The people of the town were endlessly grateful when the doctors and nurses arrived. If residents of Barranco Lajoya got sick, they usually had to hope they would get better on their own. Some didn’t even bother to do that. They had learned to live with pain and infection, and sometimes die with it.

“The worst thing that can happen to a human being is to lose hope,” Father Martin said one morning. “A lot of people here feel hopeless.”

On the first day of the visit, the missionaries turned the town’s church into a medical clinic in a matter of minutes. Two doctors from Maracaibo set up shop behind little-kid-style desks. Other missionaries set up stations to take blood pressure and test adults for diabetes. Bags of pills and medical supplies were stashed behind the altar of the church. Outside on the playground, the cluster of townspeople was organized into a line and missionaries registered every single person. They wrote down names, ages, and complaints, which ranged from hacking coughs and stomach aches to limbs rotting from blood poisoning.

What followed wasn’t textbook medicine. The doctors made diagnoses on the fly, seeing ten times the number of patients they would on a typical day in the US. The little pills that Americans took for granted made a huge difference in Barranco Lajoya. They could whip lingering infections and knock out the stomach parasites that could starve even a well-fed child.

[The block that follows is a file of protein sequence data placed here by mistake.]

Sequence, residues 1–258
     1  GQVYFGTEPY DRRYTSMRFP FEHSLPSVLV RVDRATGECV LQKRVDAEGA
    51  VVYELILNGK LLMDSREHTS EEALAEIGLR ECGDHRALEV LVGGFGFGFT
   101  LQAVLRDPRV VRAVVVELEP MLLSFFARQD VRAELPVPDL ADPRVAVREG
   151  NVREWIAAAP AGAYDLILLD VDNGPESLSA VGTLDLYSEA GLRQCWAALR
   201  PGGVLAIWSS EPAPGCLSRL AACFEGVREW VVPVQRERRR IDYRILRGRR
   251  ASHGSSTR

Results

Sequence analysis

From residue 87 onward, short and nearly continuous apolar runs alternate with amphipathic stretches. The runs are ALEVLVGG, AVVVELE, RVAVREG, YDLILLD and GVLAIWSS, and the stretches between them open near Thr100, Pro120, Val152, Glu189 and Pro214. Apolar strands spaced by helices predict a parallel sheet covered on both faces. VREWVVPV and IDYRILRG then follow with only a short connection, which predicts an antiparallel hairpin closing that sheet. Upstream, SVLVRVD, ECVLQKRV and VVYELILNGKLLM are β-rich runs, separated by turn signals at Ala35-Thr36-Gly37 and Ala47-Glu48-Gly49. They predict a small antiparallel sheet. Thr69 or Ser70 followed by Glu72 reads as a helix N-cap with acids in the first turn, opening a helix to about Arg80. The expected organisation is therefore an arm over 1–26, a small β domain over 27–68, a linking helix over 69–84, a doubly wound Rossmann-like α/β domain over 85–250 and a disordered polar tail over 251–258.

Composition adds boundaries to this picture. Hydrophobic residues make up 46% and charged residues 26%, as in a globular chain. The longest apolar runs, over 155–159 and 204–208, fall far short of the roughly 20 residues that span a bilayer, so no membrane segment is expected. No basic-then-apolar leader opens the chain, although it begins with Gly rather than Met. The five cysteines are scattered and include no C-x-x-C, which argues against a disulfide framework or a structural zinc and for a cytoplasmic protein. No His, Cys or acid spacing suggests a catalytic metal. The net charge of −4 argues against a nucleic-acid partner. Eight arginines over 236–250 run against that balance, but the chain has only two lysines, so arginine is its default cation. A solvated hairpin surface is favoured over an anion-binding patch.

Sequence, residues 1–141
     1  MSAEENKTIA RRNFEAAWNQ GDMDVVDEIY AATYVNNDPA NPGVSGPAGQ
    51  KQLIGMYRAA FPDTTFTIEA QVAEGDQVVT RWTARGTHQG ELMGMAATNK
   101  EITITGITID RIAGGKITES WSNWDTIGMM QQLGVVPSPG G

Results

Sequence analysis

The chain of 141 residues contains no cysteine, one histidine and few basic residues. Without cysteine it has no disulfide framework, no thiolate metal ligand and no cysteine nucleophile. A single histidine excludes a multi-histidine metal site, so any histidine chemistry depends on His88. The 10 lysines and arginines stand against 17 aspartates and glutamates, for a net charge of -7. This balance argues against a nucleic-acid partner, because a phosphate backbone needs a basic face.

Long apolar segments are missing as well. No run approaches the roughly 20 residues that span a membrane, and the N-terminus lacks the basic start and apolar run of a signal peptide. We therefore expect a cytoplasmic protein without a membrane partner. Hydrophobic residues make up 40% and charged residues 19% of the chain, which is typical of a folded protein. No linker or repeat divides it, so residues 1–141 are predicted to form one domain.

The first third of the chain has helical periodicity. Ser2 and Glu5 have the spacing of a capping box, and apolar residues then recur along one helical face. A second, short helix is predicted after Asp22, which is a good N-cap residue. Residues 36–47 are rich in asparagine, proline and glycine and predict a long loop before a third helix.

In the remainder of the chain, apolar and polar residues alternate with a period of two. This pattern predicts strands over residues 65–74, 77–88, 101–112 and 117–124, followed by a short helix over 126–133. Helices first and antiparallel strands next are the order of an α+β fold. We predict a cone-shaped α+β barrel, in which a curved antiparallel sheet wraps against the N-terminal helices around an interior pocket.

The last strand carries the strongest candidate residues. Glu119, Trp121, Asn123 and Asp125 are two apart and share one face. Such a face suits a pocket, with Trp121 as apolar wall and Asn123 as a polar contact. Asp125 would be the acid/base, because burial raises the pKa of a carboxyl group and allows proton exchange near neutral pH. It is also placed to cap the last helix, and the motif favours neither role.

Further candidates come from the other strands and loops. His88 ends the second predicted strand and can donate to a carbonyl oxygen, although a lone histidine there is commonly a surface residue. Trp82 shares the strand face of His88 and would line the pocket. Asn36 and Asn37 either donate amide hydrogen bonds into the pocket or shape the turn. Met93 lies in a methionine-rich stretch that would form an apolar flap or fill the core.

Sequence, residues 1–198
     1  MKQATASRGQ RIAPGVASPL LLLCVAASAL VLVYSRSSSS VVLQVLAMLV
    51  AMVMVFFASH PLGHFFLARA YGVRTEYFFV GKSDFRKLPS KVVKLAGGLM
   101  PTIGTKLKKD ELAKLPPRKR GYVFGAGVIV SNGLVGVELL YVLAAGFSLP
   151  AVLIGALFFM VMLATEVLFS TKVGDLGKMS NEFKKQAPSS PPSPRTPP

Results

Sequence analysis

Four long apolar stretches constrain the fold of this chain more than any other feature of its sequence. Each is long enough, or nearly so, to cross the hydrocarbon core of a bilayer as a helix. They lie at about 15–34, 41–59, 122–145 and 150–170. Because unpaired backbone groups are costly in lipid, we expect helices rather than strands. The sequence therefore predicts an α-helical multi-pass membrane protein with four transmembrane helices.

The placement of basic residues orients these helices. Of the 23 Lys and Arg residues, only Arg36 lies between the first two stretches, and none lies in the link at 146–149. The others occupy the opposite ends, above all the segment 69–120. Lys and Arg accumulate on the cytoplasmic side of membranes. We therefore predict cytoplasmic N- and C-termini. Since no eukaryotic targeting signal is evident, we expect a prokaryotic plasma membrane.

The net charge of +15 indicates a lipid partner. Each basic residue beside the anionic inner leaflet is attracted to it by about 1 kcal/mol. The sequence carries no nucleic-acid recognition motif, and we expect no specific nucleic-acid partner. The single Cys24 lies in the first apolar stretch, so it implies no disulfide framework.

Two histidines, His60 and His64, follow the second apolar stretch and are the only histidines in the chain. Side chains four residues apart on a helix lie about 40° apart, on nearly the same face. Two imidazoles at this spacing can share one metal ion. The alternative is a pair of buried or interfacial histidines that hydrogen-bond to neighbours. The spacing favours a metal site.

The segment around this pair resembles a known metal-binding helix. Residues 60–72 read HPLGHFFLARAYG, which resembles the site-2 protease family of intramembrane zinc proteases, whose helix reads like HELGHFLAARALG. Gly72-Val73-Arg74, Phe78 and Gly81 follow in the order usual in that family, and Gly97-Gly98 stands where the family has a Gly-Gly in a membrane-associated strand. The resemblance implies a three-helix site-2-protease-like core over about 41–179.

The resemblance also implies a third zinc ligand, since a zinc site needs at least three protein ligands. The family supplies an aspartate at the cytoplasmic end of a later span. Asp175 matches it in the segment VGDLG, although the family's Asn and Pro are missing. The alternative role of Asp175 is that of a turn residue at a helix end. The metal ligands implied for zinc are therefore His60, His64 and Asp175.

Alex used her fluent Spanish to help counsel some patients. She saw one ten-year-old girl who had been suffering from a sore throat that made her wince every time she swallowed.

She asked how long the girl had been in pain.

The girl’s response: “ Seis anos. ” Six years.

The doctor prescribed antibiotics but told the girl’s mother she would need to take her to one of the hospitals on the distant coast to have her tonsils removed. She wasn’t sure that would happen. The medical brigade like this was like a strobe flash in the dark. The stomach parasites were going to come back, blood pressure medicine would eventually run out, lice would again infest the children. Suspected cancers would go untreated. But temporarily suffering had been lessened. At least those who brought in help from the outside had done something.

“I’d like to think that we weren’t just giving a dose of an antiparasitic but also a little dose of optimism,” Father Martin said at the end of the day. “And yet there are those who would take even that away from these people.”

As the first month passed, Alex watched as the resident missionaries went about their work, which consisted mostly of trying to establish a school, or at best literacy, and a small medical clinic. These activities took place in the church, which was close to a hundred degrees during the day.